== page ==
A group comparison between activity in the decided-go and always-go conditions should reflect differential activity related to processing components of the baseball task. When comparing the group average for the decided-go condition versus the always-go condition, the right VLPFC again showed significant activation (p < 0.001; extent threshold = 10 voxels), whereas the SPL was slightly below statistical threshold (p < 0.005; extent threshold = 10 voxels). No other areas showed significant or near-threshold activation. The fact that the two group comparisons yielded similar activated regions suggests that the decided-go/always-go contrast was merely a less powerful comparison than the decided-nogo/always-nogo contrast.
To force subjects to concentrate on the task, ocular baseball difficulty was set to a level such that subjects performed between 63 and 81% correct in the scanner. To investigate the possibility that error trials resulted in a different pattern of activation, we analyzed errors during ocular baseball. Baseball trials were categorized into post hoc conditions “decided-go error” (in which subjects decided to go when the target trajectory would not have hit the strike zone) and “decided-nogo error” (in which subjects decided not to go when the target trajectory would have hit the strike zone). We likewise grouped the correctly performed trials into “correct decided-go” and “correct decided-nogo” conditions. We then compared the mean amplitude of the BOLD signal for each error condition to the mean amplitude of the respective correct condition for each subject in the SPL, FEF, and SEF, and right VLPFC. This analysis showed no systematic differences for error trials compared with correct trials within each condition.
It is known that tasks involving visuospatial attention and saccade planning activate a network of frontoparietal areas (Muri, 2005). We have isolated the FEF, SEF, SPL, and right VLPFC as cortical regions active during performance of an ocular baseball task. As expected, activity in the SEF and FEF was greater during both baseball and always-go trials than during always-nogo trials, consistent with the role that these areas play in saccade planning and execution. However, the SPL and right VLPFC were more active in baseball trials than either the always-go or always-nogo control conditions. This is likely attributable to cognitive task-related processing, because the control trials and the baseball trials were conducted with identical stimuli and required identical behavioral responses. Finally, in the right VLPFC, but not the SPL, activity was greatest during baseball trials involving active eye movement inhibition.
Heightened activity observed in the SEF during the baseball task is consistent with previous single-cell recording results from monkeys showing that SEF neurons reflect the trajectory of an ocular baseball target in the context of the task rule (Kim et al., 2005). Together, these results suggest that monkey and human SEF have similar functions during this task, and that human SEF could be either involved directly in making the decision to pursue the target or merely reflects the decision as it is converted to action. Although our results cannot discriminate between these alternatives, the SEF was also active in the always-go condition, evidence that it is minimally involved in some aspect of movement preparation or execution. Additional support for this comes from the localizer that defined this area as saccade related and from work describing saccadic and smooth-pursuit neurons in monkey SEF (Schlag and Schlag-Rey, 1987; Heinen, 1995). A large body of fMRI and TMS data also implicates the SEF in saccade preparation (Pierrot-Deseilligny et al., 2004).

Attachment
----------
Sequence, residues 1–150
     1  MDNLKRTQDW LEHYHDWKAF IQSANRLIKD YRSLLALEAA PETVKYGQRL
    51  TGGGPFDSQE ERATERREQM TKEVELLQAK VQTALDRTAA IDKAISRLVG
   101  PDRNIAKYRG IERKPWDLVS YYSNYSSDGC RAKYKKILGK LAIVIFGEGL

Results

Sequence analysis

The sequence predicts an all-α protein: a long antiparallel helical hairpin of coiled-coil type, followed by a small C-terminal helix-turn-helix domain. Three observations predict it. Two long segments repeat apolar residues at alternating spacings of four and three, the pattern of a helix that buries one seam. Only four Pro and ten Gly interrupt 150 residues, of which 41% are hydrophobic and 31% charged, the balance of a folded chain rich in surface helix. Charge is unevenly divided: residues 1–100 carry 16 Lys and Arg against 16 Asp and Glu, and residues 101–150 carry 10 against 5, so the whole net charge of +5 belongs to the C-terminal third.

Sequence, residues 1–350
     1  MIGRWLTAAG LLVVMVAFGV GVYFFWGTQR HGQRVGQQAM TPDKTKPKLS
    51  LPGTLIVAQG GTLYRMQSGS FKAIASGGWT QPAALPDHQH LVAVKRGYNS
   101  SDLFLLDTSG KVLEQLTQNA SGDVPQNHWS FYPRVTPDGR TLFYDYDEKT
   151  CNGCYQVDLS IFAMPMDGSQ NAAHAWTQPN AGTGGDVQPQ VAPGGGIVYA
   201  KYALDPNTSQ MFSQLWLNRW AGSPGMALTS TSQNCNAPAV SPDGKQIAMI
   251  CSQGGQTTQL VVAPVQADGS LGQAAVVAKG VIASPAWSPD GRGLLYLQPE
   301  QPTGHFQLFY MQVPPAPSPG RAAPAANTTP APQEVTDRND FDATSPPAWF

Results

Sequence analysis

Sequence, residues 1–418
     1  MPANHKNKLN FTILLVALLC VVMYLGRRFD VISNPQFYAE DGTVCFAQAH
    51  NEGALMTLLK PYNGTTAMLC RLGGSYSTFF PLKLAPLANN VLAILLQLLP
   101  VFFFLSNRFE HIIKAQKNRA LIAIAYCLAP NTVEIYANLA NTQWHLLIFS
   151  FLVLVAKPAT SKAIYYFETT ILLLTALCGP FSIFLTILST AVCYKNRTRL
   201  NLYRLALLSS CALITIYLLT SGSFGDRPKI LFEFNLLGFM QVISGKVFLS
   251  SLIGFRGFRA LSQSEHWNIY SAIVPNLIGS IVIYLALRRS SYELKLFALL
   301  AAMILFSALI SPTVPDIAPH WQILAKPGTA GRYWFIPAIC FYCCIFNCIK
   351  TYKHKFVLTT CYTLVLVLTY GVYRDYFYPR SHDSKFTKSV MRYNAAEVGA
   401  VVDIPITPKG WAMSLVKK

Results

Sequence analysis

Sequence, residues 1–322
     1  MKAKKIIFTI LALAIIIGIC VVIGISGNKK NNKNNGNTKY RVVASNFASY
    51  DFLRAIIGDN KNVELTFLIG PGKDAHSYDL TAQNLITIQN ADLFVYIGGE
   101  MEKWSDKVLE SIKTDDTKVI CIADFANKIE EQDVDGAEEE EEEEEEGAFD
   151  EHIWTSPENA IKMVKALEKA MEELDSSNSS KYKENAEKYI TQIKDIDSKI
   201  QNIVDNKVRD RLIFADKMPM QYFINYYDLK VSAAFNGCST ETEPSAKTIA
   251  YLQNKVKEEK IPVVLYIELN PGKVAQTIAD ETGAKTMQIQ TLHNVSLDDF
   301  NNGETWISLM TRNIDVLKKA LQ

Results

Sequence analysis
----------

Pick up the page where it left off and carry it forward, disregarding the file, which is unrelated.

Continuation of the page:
Significant activation for the decided-nogo condition within the SEF is surprising, because the motor behavior (fixation) was the same as in the nonsignificant always-nogo condition. Even assuming fixation neurons exist in human SEF as they do in monkey SEF (Schlag et al., 1992; Park et al., 2006), it is puzzling that activity during the decided-nogo condition was greater than activity during passive fixation in the always-nogo condition. One possibility is that SEF neurons in humans are involved in actively suppressing ocular behavior, as reported in monkeys during antisaccade generation (Amador et al., 2004) or during go/nogo tasks (Mann et al., 1988). Such neurons might be active during the decided-nogo condition but not the always-nogo condition. Another possibility is that there are “preparatory set” neurons in human SEF like those found in monkey SEF that are active before planned movement even when the movement is withheld (Schall, 1991a).
Heightened FEF activity during ocular baseball suggests that this structure is also involved in cognitive aspects of baseball. Although activity during the decided-go condition might represent movement neurons that are known to exist in monkeys (Bruce and Goldberg, 1985; Gottlieb et al., 1994; Tanaka and Lisberger, 2002), we also observed greater FEF activation for the decided-nogo condition. Even if simple fixation neurons existed in human FEF as they do in monkeys (Hanes et al., 1998), it would not explain our finding, because subjects also fixated during the nonactivated always-nogo condition. However, like the SEF, the FEF has been implicated in the suppression of voluntary eye movements. Neurons in monkey FEF are active during countermanding (Hanes et al., 1998). Human lesion studies have also implicated this area in antisaccade generation (Guitton et al., 1985). Preparatory set neurons, as found in monkey FEF (Schall, 1991b), could also account for this higher activity, because functional imaging has implicated human FEF in the preparatory set (DeSouza et al., 2003; Connolly et al., 2005).